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Posts tagged ‘Île du monde photography’

La Métropole

Pointe-à-Pitre is the largest town of Guadeloupe. It is located on the eastern Guadeloupe island, named Grande-Terre. Guadeloupe island (aka the butterfly of Caribbeans) is indeed made of two main islands (wings), Grande-Terre and Basse-Terre, divided by a string of sea. Despite that fires, earthquakes, hurricanes and cholera have been afflicting the citizens of this town for the last 300 years, Pointe-à-Pitre is still there with its delicious, albeit decadent French colonial style. West from the central Place de la Victoire (victory on slavery, 1794) you find the modern commercial part. East of it there are artist areas, red-light districts and the modern Museum on Slavery.

If you are a photographer, keep it down when you move to the red-light district even in day-light. “F*ck you” sounds cute with a French accent but faces look still aggressive … not an area to visit by night, with or without camera equipment.

Historical five attics in downtown, desperately looking for renovation in Pointe-à-Pitre

A new,  mysterious main gate leading to where? in Pointe-à-Pitre

Street corner with the usual barred doors, West-side, Pointe-à-Pitre

Scrap materials shaped into a house, East end, Pointe-à-Pitre

Red light district, Pointe-à-Pitre

Tilted-Bar, East end, Pointe-à-Pitre

Click each picture to zoom in.

Previous episodes:

1. My lady of Guadeloupe
2. Sea life of Gwada (Guadeloupe)

Sea life of Gwada (Guadeloupe)

Supermarket goods on Guadeloupe are as expensive as in Europe, if not even more because of import costs from France and French colonies in Central and south America. This is a solid excuse for tasting local recipes based on sea food. Still… same same but different. If you ask for a Dorade in Guadeloupe, you get it sliced like if it was a sword fish. If you think a Lambi (conch shell) might be a good snack with beer, don’t order dinner later. Everything grows unexpectedly larger here in Gwada, especially for a tourist used to the Mediterranean environment. Gwada, Lambi, Bokit (aka “bucket” sandwich) and Gwo-ka (drum music) are some of the creole words you will easily stumble upon during your stay.

Les Métropolitains, town beach of Sainte-Anne with (mostly?) European tourists

Fisherman at work on local-sized Dorade fishes at the harbor, Saint-François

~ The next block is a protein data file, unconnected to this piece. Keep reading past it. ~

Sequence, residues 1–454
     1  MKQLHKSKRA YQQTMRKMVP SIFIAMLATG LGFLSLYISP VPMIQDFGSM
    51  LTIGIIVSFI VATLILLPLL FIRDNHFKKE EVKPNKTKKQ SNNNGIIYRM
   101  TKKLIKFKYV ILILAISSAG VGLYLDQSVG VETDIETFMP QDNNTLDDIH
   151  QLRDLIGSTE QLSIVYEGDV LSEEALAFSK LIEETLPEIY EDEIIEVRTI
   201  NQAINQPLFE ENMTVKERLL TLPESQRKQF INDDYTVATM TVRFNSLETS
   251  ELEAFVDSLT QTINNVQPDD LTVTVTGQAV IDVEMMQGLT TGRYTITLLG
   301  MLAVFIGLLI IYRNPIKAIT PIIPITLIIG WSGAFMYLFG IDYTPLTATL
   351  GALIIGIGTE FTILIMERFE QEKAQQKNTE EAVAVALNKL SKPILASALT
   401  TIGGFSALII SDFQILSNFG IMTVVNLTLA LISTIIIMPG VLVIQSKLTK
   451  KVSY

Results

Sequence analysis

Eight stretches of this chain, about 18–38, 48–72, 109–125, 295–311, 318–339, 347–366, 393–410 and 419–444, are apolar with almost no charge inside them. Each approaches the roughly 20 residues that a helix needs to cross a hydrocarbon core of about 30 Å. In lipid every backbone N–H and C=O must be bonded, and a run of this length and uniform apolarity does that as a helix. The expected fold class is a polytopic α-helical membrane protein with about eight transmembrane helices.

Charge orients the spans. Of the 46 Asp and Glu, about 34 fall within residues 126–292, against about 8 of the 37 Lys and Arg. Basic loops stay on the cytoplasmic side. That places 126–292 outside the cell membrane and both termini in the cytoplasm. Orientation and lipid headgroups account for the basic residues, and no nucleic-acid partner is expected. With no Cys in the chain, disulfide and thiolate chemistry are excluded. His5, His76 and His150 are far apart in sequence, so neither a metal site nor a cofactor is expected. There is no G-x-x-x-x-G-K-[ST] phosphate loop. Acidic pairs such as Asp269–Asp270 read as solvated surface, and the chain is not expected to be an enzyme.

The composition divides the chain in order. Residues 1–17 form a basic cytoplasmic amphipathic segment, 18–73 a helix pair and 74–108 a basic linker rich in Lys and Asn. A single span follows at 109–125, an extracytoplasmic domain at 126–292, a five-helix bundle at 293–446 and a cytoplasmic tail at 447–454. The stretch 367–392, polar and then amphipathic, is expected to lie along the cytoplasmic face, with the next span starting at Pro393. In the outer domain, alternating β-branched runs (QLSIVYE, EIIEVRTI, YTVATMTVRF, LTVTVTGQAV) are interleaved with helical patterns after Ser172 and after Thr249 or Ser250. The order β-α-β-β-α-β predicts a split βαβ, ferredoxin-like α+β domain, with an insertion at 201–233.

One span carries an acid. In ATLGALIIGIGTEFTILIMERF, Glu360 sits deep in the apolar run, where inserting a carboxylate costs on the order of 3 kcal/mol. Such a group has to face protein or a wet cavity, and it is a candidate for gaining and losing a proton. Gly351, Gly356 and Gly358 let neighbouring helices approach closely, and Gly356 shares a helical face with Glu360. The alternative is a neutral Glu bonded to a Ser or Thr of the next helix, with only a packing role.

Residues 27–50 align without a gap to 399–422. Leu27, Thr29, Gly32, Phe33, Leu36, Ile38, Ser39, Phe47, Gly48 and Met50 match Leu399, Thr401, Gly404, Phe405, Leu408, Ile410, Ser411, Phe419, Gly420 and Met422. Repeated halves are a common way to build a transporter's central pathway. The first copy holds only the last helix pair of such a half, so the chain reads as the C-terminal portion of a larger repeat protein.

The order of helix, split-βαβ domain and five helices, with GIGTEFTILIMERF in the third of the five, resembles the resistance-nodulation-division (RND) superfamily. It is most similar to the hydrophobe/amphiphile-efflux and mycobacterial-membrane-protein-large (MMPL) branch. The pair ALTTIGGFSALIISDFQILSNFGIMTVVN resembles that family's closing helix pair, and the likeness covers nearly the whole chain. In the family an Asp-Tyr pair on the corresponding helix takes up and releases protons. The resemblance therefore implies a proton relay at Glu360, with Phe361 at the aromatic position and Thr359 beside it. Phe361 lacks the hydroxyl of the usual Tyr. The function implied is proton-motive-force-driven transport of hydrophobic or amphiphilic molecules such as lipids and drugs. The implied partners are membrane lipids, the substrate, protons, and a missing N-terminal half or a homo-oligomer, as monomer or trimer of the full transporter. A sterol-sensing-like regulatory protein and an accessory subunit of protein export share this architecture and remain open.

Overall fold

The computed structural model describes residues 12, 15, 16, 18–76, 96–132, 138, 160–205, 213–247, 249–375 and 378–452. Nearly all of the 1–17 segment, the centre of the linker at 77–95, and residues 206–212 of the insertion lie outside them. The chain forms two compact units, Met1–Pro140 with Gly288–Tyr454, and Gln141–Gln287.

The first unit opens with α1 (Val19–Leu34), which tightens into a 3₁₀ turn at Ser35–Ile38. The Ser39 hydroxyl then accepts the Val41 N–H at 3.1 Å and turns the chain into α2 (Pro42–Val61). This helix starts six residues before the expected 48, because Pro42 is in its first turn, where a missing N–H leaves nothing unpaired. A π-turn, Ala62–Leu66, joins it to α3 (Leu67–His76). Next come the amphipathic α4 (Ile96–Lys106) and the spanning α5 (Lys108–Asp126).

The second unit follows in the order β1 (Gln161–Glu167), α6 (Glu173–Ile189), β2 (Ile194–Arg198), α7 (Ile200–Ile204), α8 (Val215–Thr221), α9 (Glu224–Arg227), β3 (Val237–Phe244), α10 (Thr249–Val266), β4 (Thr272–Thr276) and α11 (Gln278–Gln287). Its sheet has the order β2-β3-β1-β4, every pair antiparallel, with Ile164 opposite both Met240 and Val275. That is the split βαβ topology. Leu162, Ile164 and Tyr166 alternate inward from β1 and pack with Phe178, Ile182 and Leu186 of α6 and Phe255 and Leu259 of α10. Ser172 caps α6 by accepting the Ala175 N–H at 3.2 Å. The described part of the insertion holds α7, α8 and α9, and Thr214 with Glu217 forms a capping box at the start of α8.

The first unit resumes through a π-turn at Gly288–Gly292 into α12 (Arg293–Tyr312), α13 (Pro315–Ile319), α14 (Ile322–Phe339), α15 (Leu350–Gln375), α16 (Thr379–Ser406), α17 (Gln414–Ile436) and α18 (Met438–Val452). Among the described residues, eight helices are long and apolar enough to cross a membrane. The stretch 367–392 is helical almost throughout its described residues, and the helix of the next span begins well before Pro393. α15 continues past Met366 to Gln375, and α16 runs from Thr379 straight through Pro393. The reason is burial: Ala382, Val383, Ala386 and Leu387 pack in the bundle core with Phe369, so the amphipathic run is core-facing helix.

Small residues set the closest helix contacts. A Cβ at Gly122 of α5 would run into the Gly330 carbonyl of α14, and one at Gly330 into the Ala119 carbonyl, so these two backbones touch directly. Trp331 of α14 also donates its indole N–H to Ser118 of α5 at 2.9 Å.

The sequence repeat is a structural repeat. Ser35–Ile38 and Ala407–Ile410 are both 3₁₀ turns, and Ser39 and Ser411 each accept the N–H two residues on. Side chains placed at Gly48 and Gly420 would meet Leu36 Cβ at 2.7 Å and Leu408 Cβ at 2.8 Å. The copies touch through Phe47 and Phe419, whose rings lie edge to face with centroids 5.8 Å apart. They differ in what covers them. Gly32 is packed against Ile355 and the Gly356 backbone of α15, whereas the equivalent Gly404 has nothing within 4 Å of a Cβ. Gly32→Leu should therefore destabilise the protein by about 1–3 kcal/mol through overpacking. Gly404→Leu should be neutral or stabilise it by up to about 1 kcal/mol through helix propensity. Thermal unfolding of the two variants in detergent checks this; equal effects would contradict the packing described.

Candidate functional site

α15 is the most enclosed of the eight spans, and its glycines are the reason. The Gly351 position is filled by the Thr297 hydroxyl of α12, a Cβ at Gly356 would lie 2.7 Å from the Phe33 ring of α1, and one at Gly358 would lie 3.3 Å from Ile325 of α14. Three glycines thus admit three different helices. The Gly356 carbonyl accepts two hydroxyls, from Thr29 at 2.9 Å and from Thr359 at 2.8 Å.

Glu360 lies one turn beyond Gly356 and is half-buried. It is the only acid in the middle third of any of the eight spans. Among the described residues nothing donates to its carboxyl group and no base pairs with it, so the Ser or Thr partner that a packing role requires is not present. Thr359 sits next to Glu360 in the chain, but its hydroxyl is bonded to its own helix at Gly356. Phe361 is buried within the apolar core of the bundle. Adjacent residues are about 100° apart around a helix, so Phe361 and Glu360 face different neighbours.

Romance on the beach of Saint-Anne

Lambi (conch shell) and beer, an appreciated combo in Saint-François

The cemetery-beach or the beach-cemetery of Saint-François

Promenada Pointe-à-Pitre, whatever-fish-I-catched daily market

Click each picture to zoom in.

Previous episodes:

1. My lady of Guadeloupe

My lady of Guadeloupe

Constantly rocked by Atlantic gusts onboard my 777 flight, I understood why Cristoforo Colombo named Guadalupe the shores he reached with his second voyage. “Jesus Christ“, “Holy Mary“, “My God” would have been good alternatives to me. Of course, nothing against Colombo’s choice: he invoked “Our Lady of Guadalupe” for his fleet, endangered by tropical storms exactly 526 years ago.

Pelican with rusty neck, harbor of Saint-François

The flight from Paris-Orly to Pointe-à-Pitre, Guadeloupe took me only eight hours. Colombo needed six week-long sailing from Cadiz, Spain. Colombo looked for new commercial routes through the West, slaves, gold and spices. I got to Guadeloupe to meet my friend Josè, cultural mediator at Île du Monde, a Paris-based organization that documents the cultural diversity present in France and Europe. Recently crowned with UNESCO, Josè and his crew were sent to Guadeloupe by the French State, thus to compile an official report on the intangible cultural heritage of this Caribbean island.

Coconut palm trees on the town beach of Sainte-Anne

“What do you know about Guadeloupe?”, he asked me and I was asking myself while flying over the blue vacuity of the Atlantic. Caribbean seas, never-ending summer, winter holidays for métropolitains (meaning French citizens of the European territories)… zika virus, dengue fever, maybe… diving? What do I expect to picture there? Wild pelicans, white beaches and tall coconut trees… what’s more?

Back from school at Mare Gailard

What is the cultural heritage my friend is documenting in Guadeloupe? More than 15 million Africans were traded as slaves to central/south America along four centuries. Do their ancestors still honor their roots or did they get Frenchisized? What happened to Guadeloupe natives? Are there still any? Why was Josè so excited for the opportunity to document a Ramayana event during the Indian (from India?) cultural week of Guadeloupe?

Indian dancers (from India) in Schoelcher square, Sainte-Anne

Despite that Josè invitation sounded as indecipherable as Lisbon story postcard to Winter, I set sails to reach my friend. Follow me in the next weeks and add much more than pelicans and tropical beaches to your own postcard of Guadeloupe. Pictures shot by Lorenzo Borghi, editing by Maria Francesca. All pictures ­© artborghi. Click each picture to zoom in.

New Episodes (published from 9.12.2019 to 10.01.2020 every Mon, Thu, Fri )

2. Sea life of Gwada (Guadeloupe) on 11 Dec 2019

3. La Métropole on 13 Dec 2019

4. Gwada intangible cultural heritage on 16 Dec 2019

5. Guadeloupe on stage on 18 Dec 2019

6. I had a dream on 20 Dec 2019

7. In need of protection on 23 Dec 2019

8. So lonely on 27 Dec 2019

9. Once we were on 30 Dec 2019

10. Caribbean grace on 03 Jan 2020

11. Resurrection will come on 06 Jan 2020

12. Art insurrection on 08 Jan 2020

13. Life of Gwada on 10 Jan 2020

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